You overlooked the "Character Abilities and spells" portion... That is my original point... we all overlook that part... because we've never read it "like that." Haste on a weapon versus "speed" is the same effect (+3 bonus equivalent on a weapon) whether it comes from a Character Ability, Spell, or Weapon Property. See the point? It counts as +3 towards the +10 limit the weapon can have (even if only temporarily because it is a 3/day SP/SU ability or a spell). The key here is the word "equivalents"... and then the SOURCES of the equivalents being MANY that are mostly (well, two: Character Abilities and Spells) overlooked.
Enlarge person I might overlook, even though I am pretty sure there is an equivalent + effect you can add to a weapon to increase it's size category one step (magically - namely +2 for IMPACT from Ultimate Equipment).
As per the Core rulebook page 468
a single weapon cannot have a modified bonus (enhancement bonus plus special ability bonus equivalents, including from character abilities and spells) higher than +10. A weapon with a special ability must also have at least a +1 enhancement bonus. Weapons cannot possess the same special ability more than once.
The "important to me" part is the much overlooked "including from character abilities and spells" - Because, if I read this correctly, this means that a weapon with a +10 total bonus cannot be affected by Haste, Lead Blades, Enlarge Person, Magic weapon +5 bonus (if it is say +1 enhancement with +9 other random bonuses).
This sword would not be affected by a character casting haste on himself (character ability; he can still take another attack, just not with this weapon), nor could it be affected by the Holy Sword (or similar) spell.
So anything that added extra dice of damage to the weapon also wouldn't work... though rider spells would. And anything that "mimics" any of the normal weapon abilities would not work either (such as haste).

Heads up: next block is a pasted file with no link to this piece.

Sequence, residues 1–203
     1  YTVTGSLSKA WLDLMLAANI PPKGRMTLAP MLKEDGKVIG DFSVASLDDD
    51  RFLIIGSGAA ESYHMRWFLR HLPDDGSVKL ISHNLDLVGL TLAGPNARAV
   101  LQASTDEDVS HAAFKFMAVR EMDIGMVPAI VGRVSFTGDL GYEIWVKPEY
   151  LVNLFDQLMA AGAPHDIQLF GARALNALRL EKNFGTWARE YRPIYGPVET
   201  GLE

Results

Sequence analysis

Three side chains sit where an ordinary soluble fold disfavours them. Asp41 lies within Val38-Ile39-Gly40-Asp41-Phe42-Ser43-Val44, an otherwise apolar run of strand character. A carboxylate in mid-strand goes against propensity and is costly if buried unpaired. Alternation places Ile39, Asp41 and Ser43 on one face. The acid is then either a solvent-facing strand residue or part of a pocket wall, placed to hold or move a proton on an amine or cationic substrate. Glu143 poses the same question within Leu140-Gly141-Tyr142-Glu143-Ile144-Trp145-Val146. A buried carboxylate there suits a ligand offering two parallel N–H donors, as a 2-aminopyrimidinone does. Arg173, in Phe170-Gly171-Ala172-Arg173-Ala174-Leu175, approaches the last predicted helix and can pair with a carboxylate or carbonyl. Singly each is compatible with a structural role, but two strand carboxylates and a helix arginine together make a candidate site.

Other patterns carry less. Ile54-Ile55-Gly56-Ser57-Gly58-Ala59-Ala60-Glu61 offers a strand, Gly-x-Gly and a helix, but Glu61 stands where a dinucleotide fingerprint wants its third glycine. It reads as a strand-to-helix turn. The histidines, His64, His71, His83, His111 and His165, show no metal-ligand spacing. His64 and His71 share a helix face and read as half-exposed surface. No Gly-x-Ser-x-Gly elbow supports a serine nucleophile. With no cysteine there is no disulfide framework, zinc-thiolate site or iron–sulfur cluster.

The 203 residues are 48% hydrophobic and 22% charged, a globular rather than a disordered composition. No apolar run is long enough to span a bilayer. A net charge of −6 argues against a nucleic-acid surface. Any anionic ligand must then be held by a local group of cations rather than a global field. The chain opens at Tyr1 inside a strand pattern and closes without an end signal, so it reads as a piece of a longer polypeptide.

Of course, if you are running around with a +10 effective weapon, you probably aren't worried about this little "rule" that most people (including me) have probably overlooked several dozen times.
OK. So I have a player who is asking about the fine effects of the following:
Gravity Clip and Lead Blades don't Stack.
And since Impact is basically Lead Blades made permanent on a weapon, I'd rule they don't stack. (though the oversight on Lead Blades doesn't mention it doesn't stack with itself, RAW error 101)
HOWEVER... Enlarge person + Titan Fighter (not Mauler) + Lead Blades effect = Gargantuan weapon category damage?
M wielding Large. Large wielding Huge. Huge weapon doing Gargantuan size damage? (6d6 with great sword or great axe)
Seems legit, and even get's a 10' reach for cleave/great cleave... 15' if they get lunge...
Do I have that correct? Is there another effect that stacks for size category or weapon damage category that we missed?
29 strength and a Brawler level... Take your lumps... when it gets time to lop off the finger, have your mage do the old "pres-digit-ation" (pun intended) missing finger trick your uncle, no doubt (everyone has one of those uncles, don't they) shows you every time you stop by. "Look, my thumb's not attached!" (left thumb folded down, right thumb in it's place, move right hand across top left finger) and hope you make your BLUFF roll swapping it for a bit of Dwarf jerky...
(maybe try grappling, if you get initiative it might just work?)
How about you just beat them up? Take your lumps. Regen lost appendages if you lose? Enjoy that tasty Ogre Thumb if you win...
As for the detection - if they are specifically casting "detect magic" on the pit, while you fight: anything that doesn't say (EX) next to it has a magical aura. Both (SP) and (SU) are magical effects (and thus can be detected). Smite Evil (SU) glows like the sun to a "Detect magic" my friend... As does Lay On Hands (SU)...
Milo v3 wrote: